“It’s not surprising that the Agnes Flood of 1972 was a seminal event in the history of the Wyoming Valley,” Newman said. “That’s not just because of the scale of the disaster and the trauma it inflicted on the valley’s residents — it’s also because of Agnes’ powerful influence over our community’s subsequent physical and economic development. Now 45 years later, the legacy of the 1972 flood continues to shape how we see ourselves as a community.”
Newman said the massive levee system, which is one of the defining physical elements of the Wyoming Valley, is a stark reminder of the 1972 flood. Add to that the upgrading of the valley’s public infrastructure — streets, sewers, parks, schools, municipal facilities — that came in the first decade of reconstruction that followed 1972.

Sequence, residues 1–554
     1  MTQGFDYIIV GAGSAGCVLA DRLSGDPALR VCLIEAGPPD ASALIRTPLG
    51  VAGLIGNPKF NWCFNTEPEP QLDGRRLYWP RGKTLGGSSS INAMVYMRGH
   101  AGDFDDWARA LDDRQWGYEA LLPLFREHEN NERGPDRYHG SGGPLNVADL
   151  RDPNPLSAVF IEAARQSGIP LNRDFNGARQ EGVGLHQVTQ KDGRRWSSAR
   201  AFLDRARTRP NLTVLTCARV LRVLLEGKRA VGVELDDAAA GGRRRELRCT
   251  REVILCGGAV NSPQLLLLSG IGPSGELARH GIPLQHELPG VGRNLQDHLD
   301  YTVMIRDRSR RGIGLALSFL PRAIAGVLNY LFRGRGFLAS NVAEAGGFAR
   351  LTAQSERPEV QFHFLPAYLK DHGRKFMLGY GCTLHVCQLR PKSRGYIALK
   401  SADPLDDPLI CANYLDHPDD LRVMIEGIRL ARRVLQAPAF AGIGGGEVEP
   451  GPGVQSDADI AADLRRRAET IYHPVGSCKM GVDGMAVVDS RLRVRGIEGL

Regional office employment remains anchored in downtown Wilkes-Barre today because of all of the office buildings that rose around Public Square during the decade following Agnes. But the flood also saw the loss of almost all of downtown’s historic commercial buildings, which would otherwise have provided the raw material for downtown revitalization.
Newman said Agnes spurred the growth of suburbia in Mountain Top and the Back Mountain, as flood-affected residents sought new homes on higher ground. From Plymouth to Brookside to West Wyoming, neighborhoods were completely rebuilt.
Newman said some hold Agnes responsible for the death of Main Street retail, but he said that simply isn’t true.
“That was a national trend, and it was already well underway,” he said. “Scranton and Hazleton didn’t suffer floods, but their downtown shopping districts collapsed all the same. I would argue, in fact, that the post-flood reconstruction postponed downtown Wilkes-Barre’s retail decline for more than a decade. For example, it’s the reason why Al Boscov chose to purchase the Boston Store in the first place.”
Newman said there’s no question that suburbanization would have occurred regardless of Agnes — it’s just that the timeline and the details would have been different.